Student nearly paralyzed by motocross accident walks at high school graduation

Mail Online | 6/14/2019 | Natalie Rahhal Deputy Health Editor For Dailymail.com
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For most students, accepting the diploma is the crowning moment of high school graduation, but for Alexander Harris, it was just as much about the walk across the stage to get it.

A little less than a year ago, Alexander snapped his neck in a horrific accident during his very first professional motocross race.

Arms - Doctors - Alexander - Family

He couldn't lift his arms, couldn't feed himself, and doctors warned Alexander and his family that he might never walk again.

But on Thursday, he did just that, pushing himself up from his wheelchair and - with a little support from his walker - striding across the stage to accept his Claremont High School diploma with a grin stretched across his face.

Months - Everything - Alexander

Ten months ago, everything seemed possible for Alexander.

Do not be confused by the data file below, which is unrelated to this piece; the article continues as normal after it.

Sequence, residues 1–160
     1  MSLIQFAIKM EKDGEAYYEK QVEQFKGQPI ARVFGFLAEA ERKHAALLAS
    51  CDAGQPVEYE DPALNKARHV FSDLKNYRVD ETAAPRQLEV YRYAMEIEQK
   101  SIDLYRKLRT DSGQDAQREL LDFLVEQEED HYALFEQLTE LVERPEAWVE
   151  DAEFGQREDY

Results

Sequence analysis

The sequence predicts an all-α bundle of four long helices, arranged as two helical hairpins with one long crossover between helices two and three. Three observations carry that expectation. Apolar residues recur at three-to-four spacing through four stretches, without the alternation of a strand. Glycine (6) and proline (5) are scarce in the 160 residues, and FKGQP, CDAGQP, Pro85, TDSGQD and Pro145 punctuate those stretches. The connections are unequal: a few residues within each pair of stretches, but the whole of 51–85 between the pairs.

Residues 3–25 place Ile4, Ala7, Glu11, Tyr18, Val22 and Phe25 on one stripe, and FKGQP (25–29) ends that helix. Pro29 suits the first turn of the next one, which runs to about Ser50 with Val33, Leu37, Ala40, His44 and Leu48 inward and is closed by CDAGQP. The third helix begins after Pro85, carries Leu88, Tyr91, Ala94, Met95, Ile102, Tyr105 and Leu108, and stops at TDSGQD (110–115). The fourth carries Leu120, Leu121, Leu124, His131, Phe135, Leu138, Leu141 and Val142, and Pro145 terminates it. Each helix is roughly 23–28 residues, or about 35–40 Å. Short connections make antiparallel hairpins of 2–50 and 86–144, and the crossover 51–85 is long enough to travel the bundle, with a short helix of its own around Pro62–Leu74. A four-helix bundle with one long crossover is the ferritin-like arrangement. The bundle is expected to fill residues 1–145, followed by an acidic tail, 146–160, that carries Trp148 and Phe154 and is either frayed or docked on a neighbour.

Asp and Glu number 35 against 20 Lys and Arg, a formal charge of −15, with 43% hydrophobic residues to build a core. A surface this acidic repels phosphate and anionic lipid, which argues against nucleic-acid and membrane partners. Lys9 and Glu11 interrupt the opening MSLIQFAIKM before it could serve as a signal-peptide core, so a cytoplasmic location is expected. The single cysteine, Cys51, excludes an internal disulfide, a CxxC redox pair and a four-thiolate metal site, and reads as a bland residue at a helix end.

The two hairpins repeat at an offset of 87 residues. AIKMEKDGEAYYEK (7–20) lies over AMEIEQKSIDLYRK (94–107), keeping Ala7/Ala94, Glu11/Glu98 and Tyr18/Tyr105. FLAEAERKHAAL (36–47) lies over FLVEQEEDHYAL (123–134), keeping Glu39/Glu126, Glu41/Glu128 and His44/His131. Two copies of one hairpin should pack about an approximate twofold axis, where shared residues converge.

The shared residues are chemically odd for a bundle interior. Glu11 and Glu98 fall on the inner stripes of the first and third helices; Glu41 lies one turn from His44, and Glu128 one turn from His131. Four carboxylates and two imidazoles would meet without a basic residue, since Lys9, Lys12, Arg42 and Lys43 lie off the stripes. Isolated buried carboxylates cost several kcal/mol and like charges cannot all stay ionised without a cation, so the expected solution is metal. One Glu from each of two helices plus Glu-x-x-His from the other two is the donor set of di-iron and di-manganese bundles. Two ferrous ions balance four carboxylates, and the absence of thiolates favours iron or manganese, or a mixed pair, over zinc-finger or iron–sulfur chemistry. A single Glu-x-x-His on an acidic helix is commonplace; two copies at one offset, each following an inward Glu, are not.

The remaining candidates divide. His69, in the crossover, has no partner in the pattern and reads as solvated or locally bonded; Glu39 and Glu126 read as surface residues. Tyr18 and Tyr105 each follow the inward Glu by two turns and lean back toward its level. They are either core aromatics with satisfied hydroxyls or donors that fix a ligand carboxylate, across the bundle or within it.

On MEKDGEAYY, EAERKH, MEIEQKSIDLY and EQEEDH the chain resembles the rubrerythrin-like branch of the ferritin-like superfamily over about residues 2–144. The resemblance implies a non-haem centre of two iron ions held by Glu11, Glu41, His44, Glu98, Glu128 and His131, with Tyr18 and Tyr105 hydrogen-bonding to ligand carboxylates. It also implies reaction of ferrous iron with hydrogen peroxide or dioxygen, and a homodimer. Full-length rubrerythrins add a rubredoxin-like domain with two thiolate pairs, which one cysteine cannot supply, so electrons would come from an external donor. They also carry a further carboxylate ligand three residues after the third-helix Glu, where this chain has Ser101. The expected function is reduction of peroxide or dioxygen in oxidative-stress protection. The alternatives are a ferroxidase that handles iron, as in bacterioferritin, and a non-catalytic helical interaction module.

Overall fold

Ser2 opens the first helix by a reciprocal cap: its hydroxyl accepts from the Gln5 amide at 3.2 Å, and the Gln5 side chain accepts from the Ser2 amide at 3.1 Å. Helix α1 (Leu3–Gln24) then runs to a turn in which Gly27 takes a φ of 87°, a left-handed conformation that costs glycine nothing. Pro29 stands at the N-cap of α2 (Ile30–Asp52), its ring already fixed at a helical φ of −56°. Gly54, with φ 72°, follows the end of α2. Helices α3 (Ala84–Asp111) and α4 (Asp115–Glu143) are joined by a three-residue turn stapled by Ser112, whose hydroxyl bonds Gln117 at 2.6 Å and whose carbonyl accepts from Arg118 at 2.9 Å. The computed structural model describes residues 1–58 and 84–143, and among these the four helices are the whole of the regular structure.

A rising senior at his Los Angeles-area school, he was not only on the verge of finishing the first stage of his education, but was getting an early start to one of his professional aspirations.

Alexander - Motocross - Race - Jump - KTLA5

Alexander was competing in his first ever professional motocross race when a jump went wrong, KTLA5 reported.

He flew over his handlebars and his body crashed to the ground.

Alexander - Impact - Anything

But Alexander didn't feel the impact - he didn't feel anything.

The brutal fall had snapped his neck, doing devastating damage to his spinal cord, along which nerve signals would normally have traveled, telling his brain when the rest of his body was in pain.

Instant - Alexander - Motocross - Career - Future

In that instant it seemed like Alexander's motocross career was over and the future he and his family had seen for him forever altered.

He was rushed to the hospital, where neurosurgeons cautioned Alexander's parents, Peggy and Ken, that they needed to be prepared for the possibility that he would be a quadriplegic.

Spine

The spine is remarkably strong, but it's also so central and critical to our...
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